The day is hot and stifling. It has been getting hotter minute by minute all afternoon. There is hardly a bit of breeze and I can see the heat devils rising from the fallow strips in the dryland field down the road. The yard around the house is grassy and shaded by trees and sits on a bit of a rise, giving me a view into the distance where I can see grandpa and my uncle on their tractors working in the fields. More accurately, I can see the rooster tails of dust rising up from behind the tractors as they move round the fields. I am still young enough that I don't work the fields, but old enough to be left alone at the house as grandma has gone elsewhere. I can see to the horizon more than 20 miles away. I can close my eyes and dream my big dreams and plan my future and wonder what we will have for supper and ...
I see the clouds billowing up in the distance, being fed from the heat rising off the ground, growing higher and higher and turning darker and darker. As they slowly approach, they are changing from the cotton puffs of earlier in the day to the menacing thunderheads that blanket the the entire horizon. The breeze starts to pick up and the heat devils are joined by dust devils as they merrily play a game of tag and spin round crazily. The arrival of the breeze is the signal for me to go inside. The storm is getting close.
Once inside the house, the storm continues to journey closer. The day that was so bright only moments ago is now darkening as the sun falls behind the towering thunderheads. The wind begins to gust with that here and there, uncertain motion that presages the possible coming of rain. The wind in its vigor and uncertainty makes the screens on the open windows whistle and zing bewitchingly. Grandma's sheer curtains fly up to the ceiling and down again and again, like ghosts hoping to play. It's almost as if the storm is trying to sing to me through the screens and the curtains are dancing to the melody. The temperature begins to drop, falling from the upper nineties to the seventies in moments. It feels good to have the cooling breeze running through the house and over my skin after the lazy heat of the day. The thunder and lightning continues in the distance, coming ever closer, getting ever louder.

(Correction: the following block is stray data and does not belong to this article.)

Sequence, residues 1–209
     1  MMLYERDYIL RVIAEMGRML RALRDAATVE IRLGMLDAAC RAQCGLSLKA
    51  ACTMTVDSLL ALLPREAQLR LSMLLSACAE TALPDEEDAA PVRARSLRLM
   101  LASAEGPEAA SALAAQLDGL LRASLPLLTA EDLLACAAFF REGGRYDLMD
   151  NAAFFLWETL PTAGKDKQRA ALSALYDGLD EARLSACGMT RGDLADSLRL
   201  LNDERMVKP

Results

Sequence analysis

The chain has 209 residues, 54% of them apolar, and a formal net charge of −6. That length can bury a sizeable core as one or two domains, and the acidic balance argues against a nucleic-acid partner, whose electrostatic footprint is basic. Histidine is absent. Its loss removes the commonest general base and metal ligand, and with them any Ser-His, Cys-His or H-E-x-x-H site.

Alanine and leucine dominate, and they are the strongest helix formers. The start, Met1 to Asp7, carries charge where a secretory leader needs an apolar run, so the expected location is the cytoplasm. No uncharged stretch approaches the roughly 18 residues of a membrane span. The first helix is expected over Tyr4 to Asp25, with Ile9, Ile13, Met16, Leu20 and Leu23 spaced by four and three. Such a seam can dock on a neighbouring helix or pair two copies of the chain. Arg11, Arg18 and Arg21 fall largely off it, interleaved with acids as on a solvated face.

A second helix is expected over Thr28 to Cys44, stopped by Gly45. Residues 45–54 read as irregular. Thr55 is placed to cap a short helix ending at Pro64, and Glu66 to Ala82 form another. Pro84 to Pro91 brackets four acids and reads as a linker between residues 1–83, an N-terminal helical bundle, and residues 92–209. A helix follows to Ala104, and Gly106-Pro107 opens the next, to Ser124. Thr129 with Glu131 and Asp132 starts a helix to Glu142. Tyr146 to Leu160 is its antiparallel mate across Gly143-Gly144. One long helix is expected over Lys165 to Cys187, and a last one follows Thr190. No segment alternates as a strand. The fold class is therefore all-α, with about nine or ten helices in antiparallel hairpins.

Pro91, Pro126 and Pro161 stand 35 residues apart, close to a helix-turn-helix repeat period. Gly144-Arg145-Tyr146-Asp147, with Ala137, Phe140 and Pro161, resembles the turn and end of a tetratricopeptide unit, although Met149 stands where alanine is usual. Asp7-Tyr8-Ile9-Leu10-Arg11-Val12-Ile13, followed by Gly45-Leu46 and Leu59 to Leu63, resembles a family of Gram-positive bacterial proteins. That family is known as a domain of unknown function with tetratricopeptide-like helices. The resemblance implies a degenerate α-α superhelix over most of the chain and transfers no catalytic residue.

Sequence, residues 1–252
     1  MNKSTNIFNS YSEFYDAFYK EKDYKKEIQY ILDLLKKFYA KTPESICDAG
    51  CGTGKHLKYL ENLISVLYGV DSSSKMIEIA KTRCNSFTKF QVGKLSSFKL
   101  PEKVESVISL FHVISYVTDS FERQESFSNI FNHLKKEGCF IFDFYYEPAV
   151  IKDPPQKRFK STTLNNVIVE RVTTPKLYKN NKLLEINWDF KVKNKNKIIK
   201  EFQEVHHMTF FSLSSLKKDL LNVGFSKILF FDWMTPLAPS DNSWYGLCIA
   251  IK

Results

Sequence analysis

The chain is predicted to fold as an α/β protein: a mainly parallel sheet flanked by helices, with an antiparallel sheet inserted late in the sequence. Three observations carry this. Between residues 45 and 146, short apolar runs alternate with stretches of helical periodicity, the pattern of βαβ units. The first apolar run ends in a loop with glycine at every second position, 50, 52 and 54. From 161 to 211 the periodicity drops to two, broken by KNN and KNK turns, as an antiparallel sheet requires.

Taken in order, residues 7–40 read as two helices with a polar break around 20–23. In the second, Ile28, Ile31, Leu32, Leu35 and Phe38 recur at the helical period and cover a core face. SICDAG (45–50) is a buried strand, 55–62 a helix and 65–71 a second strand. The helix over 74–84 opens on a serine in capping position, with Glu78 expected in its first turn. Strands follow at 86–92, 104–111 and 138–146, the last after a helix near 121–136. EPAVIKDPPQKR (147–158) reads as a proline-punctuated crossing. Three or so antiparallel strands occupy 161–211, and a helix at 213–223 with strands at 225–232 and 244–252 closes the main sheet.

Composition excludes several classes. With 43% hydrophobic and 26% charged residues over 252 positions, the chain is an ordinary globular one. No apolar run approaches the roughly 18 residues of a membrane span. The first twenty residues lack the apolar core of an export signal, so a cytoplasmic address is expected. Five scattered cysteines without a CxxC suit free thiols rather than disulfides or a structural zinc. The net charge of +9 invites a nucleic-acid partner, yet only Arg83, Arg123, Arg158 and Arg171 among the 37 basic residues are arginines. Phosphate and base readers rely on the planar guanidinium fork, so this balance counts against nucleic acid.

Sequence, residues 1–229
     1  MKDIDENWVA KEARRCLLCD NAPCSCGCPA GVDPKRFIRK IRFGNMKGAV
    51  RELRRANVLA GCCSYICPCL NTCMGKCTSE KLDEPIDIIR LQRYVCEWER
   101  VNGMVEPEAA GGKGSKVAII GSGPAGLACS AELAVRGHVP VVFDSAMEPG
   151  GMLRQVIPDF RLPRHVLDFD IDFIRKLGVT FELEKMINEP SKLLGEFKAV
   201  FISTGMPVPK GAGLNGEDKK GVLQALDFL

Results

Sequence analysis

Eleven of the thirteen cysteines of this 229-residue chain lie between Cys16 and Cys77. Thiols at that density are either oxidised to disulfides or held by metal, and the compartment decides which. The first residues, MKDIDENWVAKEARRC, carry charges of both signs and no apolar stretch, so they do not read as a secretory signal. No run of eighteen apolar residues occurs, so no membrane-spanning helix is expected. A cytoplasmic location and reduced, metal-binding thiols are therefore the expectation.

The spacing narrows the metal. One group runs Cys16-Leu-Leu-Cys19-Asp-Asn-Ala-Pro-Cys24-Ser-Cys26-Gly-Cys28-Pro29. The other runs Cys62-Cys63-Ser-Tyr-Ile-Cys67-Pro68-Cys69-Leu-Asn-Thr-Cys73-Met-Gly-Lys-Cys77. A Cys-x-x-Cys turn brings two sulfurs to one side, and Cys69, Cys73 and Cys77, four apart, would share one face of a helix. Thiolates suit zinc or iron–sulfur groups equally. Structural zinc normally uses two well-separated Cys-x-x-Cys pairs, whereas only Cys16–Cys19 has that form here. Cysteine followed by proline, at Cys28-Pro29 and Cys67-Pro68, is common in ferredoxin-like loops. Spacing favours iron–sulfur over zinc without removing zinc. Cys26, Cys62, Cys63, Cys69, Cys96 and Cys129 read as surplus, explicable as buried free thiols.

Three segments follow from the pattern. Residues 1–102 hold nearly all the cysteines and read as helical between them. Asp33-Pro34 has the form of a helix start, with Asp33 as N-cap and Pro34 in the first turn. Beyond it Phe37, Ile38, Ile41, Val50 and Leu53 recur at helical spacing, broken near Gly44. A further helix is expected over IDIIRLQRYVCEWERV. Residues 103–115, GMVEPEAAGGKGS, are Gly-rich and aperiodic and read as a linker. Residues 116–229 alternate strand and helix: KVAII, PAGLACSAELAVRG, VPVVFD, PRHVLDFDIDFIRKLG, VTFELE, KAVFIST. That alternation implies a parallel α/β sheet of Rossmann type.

Suddenly the crescendo of thunder and lightning and wind peaks and then just as suddenly begins to begins to fade. The sun once more emerges from behind the clouds as they continue their march into the distance, carrying the thunder and lightning and wind with them. Shortly the only way to know that it really happened is the cooler temperature and the fact that the yard outside is covered in newly fallen leaves and twigs. I can go back outside and continue my contemplations as I watch the dark clouds recede into the distance. The world is once more a place a dreams.
To this day, all I have to do is hear that characteristic zing of the screens in the breeze and I am transported back to those times, times of feeling all is right with the world and that all is working as it should. Times of infinite possibility when the future was mine to craft. When I want to think deeply or just calm myself, I imagine the zing of the wind in the screens and then I am back there, in my wonderful memory.
What are some of your "comfort memories?"
Time to go for a walk and get ready for the council meeting tonight. It could be a long one, so I figured I'd get this out early.
Completely off topic, but I can't help myself. I was reading National Geographic the other day and came upon the factoid that that at birth a blue whale is about 25 feet long and weighs 3 tons. I then compare that to the blogs where mothers to be are hoping that the forthcoming little one is not going to be a ten pounder. What does a momma blue whale wish for? Not only that, but the baby blue whale, eating nothing but mother's milk, gains 9 pounds an hour. So how does a momma blue whale feel at the end of a long day of nursing? Just asking.